Dramatic Tension: Improvising and Playing in Relationships

NOTE: I started this post in February and had a baby in early April, hence the ridiculously late publication.

On Valentine’s Day, my husband and I led a playshop at a local Marriage Conference. This conference has been held annually in our community for the last ten years and centers on celebrating and caring for marriage. We were thrilled to have the chance to partner up and lead a class together. After all, I usually teach solo or with another teaching artist and it was exciting to work with my favorite partner of all, doing something that I love.

For our workshop, we decided to play around with using improvisation techniques to navigate dramatic tension in relationships. While they’re not exactly the same, creating an improvised scene and communicating effectively in our relationships actually have some fun parallels. Drama doesn’t happen without conflict and relationships can have plenty of both. Improvisation only works when players adhere to a few rules to make sure that the scene doesn’t fall apart. The same could be said of communication in our relationships. If we all played by the same set of rules for communicating in everyday life, maybe we would be better able to work through conflict, without “making a scene.” In other words, we might be better able to save the drama for the stage.

So what are these “rules” of improvisation? There are countless theories about what makes improvisation work best, but for our workshop we focused on four simple tenets:

1. Yes, and…

“Yes, and…” is the single most important rule of successfully creating an improvised scene. The concept is very simple; accept what you have been offered and then build on it. As egocentric human beings, we often tend to lean towards more of a “no, but…” or “yes, but…” mentality, but this tactic doesn’t always work so well when trying to constructively communicate with someone. “But” automatically signals that you aren’t really listening to what the other person just said. You have your own ideas and your own plan to implement, regardless of what your partner has to offer. “Yes, and…” means that you respond positively to your partner’s ideas AND you get to layer in your own ideas as well. It’s teamwork at its best. No one takes the lead. Everyone takes turns. And eventually a truly shared scene or conversation develops.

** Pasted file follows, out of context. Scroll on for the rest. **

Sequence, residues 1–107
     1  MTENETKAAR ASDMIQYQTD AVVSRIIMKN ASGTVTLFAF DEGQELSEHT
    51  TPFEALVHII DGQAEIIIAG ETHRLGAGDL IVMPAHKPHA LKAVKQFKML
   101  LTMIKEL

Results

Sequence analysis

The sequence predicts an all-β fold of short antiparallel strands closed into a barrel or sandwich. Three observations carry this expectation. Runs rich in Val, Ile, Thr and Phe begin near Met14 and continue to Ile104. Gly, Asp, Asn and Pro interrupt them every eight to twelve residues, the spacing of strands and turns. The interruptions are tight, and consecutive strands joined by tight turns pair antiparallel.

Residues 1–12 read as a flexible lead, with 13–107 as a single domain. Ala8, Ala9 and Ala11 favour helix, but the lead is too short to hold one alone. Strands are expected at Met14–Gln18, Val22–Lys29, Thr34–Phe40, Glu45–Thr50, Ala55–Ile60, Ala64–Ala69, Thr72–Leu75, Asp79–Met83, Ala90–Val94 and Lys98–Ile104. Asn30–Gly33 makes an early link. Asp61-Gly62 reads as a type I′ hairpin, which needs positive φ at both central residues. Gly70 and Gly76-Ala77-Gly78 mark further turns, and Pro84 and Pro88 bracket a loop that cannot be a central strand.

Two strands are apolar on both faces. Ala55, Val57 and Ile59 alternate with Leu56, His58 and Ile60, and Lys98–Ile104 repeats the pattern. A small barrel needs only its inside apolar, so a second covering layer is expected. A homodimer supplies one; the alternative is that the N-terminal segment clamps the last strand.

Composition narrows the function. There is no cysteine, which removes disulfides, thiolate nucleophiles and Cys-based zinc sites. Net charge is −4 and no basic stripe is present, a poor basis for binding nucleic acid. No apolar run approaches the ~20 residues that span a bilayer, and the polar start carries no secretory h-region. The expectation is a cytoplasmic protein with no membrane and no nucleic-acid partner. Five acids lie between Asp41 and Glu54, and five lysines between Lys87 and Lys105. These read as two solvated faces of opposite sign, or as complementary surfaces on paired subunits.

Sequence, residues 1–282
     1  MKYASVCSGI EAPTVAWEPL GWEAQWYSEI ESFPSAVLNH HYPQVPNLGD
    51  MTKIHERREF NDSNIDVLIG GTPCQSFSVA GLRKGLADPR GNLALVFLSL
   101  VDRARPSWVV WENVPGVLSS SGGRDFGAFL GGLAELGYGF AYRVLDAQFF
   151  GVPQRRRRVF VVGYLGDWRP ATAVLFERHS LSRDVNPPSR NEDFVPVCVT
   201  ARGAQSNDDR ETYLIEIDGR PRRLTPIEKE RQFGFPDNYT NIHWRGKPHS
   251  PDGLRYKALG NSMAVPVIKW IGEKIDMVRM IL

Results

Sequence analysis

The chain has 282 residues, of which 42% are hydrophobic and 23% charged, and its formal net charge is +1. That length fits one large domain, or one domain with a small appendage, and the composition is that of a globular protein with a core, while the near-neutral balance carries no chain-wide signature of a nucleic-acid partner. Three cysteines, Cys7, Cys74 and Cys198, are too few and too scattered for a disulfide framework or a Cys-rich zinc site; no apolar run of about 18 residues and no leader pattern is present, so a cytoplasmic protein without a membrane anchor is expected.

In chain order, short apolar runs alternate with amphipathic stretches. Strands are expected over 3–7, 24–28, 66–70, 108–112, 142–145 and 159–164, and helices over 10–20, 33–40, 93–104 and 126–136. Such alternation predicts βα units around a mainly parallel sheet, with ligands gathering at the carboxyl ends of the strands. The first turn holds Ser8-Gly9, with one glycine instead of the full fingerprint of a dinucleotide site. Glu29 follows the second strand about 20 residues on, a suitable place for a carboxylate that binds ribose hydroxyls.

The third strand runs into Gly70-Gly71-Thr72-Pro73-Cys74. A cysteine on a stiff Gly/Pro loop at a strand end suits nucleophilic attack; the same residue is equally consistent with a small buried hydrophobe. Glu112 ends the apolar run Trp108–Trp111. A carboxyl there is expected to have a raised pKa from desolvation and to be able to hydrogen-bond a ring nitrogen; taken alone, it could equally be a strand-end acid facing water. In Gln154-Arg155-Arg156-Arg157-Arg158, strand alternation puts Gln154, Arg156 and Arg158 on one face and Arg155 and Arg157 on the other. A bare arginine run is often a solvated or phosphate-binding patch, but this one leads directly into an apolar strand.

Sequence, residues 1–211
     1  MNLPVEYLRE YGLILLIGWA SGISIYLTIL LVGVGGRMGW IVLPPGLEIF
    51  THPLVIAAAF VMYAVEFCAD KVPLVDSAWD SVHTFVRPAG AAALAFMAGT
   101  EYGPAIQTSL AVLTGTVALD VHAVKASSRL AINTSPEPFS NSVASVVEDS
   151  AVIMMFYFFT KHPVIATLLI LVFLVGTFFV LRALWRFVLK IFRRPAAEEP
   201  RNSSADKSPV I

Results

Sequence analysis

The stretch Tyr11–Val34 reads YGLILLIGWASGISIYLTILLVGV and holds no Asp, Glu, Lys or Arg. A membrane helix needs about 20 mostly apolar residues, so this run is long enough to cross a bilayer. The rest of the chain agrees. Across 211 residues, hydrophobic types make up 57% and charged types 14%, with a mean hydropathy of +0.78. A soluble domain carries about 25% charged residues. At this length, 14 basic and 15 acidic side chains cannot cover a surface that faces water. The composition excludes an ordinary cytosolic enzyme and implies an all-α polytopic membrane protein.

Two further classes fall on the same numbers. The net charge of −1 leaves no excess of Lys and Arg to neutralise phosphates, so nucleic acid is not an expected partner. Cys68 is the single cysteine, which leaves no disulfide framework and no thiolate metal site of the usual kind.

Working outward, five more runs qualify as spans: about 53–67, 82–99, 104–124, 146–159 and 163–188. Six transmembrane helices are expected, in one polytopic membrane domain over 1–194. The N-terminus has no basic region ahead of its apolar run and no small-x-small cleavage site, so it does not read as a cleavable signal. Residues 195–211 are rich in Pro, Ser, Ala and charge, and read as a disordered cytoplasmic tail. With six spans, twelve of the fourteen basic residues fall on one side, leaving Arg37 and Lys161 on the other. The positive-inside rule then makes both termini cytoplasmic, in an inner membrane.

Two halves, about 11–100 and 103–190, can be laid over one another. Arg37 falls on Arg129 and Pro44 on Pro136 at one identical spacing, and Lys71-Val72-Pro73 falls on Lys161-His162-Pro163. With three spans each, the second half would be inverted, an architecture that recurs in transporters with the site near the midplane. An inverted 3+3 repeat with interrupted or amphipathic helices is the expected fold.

2. Use your body creatively

Several improv games revolve around body language. Charades leaves players speechless as they try to use their bodies to get partners or audience members to guess who or what they are. In other games, players might get frozen in a funny position and somehow have to justify that pose within the context of the scene. We played a number of these types of games, not only because they are hilarious, but because they draw attention to the body and what it says.

I have noticed what a key role body language plays in my own marriage. If my husband and I are having an argument, I have trouble letting go of my anger if he is in a physical position that seems to say, “I’m not really invested in this conversation.” For example, when he’s frustrated, he sometimes lays down on the couch. To me, this says, “Whatever.” and it drives me crazy. It was healthy for me to identify that his body language is sometimes a barrier to reconciliation for me. I need to work on being less sensitive about it, but he also knows that sitting up and looking me in the eye helps me to feel like we’re on the same team. Sometimes he is surprised by what his body language “says” to me. It helps to be aware that something that might be obvious to me, isn’t so obvious to those around me. Similarly, playing charades can be a lot of fun in the right context, but in our relationships it’s often better to explain our postures rather than expect our partners to guess what they mean.

3. Build context